"If we go near them they will kill us. We are getting information that the invaders are getting close to our lands. The Yanomami are asking for support," he added.
In an interview last month, Dario's father, Davi Kopenawa Yanomami, the Yanomami's best-known leader, warned: "Every day an average of six unauthorised flights take off for the Yanomami reserve. Shops are selling lots of equipment for mining. Illegal runways have been reopened."
At 2,000, the number of illegal miners currently operating in the reserve would still be a fraction of the estimated 40,000 that brought death and destruction during the 1980s and 1990s.
But activists fear the price of gold, which has been as much as 40% higher than last year, is luring more adventurers, who are reactivating illegal airstrips on Yanomami land in order to ferry miners in and out of the region's goldmines.
Last month the Folha da Boa Vista newspaper, from Roraima's state capital, reported that on "Gold Street", a dusty city centre mining hub where much of the illegal gold is sold, prices have risen from 48 Brazilian reais (£16.80) a gram two years ago to as much as 96 reais now.
"The high price of gold is increasing the thirst for mineral reserves in our indigenous territories," said Janete Capiberibe, an Amazon MP who is petitioning police and indigenous officials in Brasilia on the Yanomami's behalf. She hopes to set up a public hearing to discuss the impact of the gold rush on them and other Amazon tribes.
Capiberibe warned that as well as violence and illness, contact between indigenous people and miners could lead to "alcoholism and prostitution – a change in behaviour that profoundly damages the indigenous culture".
In neighbouring countries the effects of the surge in gold prices are also being felt. Colombia's president Juan Manuel Santos has claimed that members of leftist guerrilla group Farc are turning their attentions to gold mining, as a result of a government offensive against its cocaine production operations. The rising price of gold means mining has become a lucrative and alternative source of revenue for the group.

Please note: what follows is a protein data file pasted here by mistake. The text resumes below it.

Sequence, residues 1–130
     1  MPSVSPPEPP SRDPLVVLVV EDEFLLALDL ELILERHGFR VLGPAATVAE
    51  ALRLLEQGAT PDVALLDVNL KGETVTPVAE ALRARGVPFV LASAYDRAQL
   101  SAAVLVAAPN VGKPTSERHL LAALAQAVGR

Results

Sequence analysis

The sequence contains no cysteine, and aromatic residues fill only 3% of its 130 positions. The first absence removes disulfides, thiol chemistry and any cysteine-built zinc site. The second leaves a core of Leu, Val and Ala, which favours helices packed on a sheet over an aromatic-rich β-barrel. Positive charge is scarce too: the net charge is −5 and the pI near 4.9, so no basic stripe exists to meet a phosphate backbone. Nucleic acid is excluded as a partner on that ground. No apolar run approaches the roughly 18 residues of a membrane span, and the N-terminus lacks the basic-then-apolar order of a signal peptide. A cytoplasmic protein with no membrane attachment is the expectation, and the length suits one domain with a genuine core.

Meanwhile, a recent study by academics from Duke University in North Carolina found that between 2003 and 2009 mining-related deforestation rose six-fold in Peru's Madre de Dios region. This area is home to perhaps the biggest single gold rush in South America.
The study, which linked the growing destruction to rising gold prices, said native forests and wetlands were being transformed into a "vast wasteland of ponds".
In mid-August, the price of gold approached a record high of $1,830 an ounce, amid speculation that it could reach $2,000 by the end of the year.
In Guyana the killing went on. Daniel Higgins, 48, and his 22-year-old son were reportedly shot and hacked to death before being buried in a mining pit by an excavator.
Their murders were recorded in the latest gory dispatch from the Kaieteur News: "The motive seems to be greed," the story suggested. "The high price of gold has made tempers short."